No-one wants to rock the boat
Thank you and good night
No one can supervise me
Hermit crabs climb into other shells
and live there for a bit
Content is entirely up to you
Hello we are taking over this space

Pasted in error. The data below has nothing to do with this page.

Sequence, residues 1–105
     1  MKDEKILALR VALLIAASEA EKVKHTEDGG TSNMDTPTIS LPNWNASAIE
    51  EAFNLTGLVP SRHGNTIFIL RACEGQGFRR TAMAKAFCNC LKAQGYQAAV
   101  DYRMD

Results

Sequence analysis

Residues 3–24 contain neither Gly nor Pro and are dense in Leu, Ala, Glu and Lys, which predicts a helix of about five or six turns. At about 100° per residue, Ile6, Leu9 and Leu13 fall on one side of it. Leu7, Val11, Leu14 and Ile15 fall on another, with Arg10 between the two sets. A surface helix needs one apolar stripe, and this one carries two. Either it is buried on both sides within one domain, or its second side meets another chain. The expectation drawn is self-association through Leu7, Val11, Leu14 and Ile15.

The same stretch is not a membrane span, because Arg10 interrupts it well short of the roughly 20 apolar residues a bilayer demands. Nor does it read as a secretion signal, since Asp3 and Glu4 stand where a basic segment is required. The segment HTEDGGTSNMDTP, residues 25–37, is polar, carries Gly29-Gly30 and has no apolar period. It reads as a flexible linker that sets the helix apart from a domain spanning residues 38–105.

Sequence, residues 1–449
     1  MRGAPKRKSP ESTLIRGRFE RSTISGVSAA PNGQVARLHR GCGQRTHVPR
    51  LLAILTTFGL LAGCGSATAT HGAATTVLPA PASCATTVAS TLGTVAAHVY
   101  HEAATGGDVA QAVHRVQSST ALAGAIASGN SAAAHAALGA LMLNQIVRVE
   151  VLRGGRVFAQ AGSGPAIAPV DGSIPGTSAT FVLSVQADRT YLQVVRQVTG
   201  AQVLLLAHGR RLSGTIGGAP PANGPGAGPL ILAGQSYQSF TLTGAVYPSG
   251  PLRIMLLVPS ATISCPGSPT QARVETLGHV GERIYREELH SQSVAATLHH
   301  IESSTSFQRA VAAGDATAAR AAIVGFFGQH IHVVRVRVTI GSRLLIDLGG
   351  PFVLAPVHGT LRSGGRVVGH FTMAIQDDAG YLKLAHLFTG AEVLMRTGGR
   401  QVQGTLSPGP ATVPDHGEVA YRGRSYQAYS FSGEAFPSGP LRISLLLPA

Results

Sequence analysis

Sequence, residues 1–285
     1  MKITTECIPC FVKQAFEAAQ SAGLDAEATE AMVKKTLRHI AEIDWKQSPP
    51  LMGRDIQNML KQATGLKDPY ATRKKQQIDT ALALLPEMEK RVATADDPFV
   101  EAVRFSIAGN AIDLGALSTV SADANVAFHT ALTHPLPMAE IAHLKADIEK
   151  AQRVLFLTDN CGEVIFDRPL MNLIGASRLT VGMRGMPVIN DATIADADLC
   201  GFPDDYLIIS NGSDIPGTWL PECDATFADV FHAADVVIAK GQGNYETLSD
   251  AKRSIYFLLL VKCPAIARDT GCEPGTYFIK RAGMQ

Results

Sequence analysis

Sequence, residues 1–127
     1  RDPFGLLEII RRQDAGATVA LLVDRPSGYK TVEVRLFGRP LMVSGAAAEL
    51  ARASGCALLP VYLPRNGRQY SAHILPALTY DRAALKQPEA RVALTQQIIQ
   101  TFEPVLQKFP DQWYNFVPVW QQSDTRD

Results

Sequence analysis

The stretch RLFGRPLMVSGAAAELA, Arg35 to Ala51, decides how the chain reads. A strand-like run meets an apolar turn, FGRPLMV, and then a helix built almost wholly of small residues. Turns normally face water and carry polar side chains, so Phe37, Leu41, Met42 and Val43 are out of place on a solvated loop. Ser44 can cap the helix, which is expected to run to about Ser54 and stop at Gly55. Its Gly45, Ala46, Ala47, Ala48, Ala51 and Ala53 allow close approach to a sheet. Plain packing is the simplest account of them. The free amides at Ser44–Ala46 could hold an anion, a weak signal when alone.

Once you say it it exists
It doesn’t take a lot to get it moving
I hate this word
I never use this word
I like to think of a gift model
There are such great people here
(things to keep in mind when you’re working with me)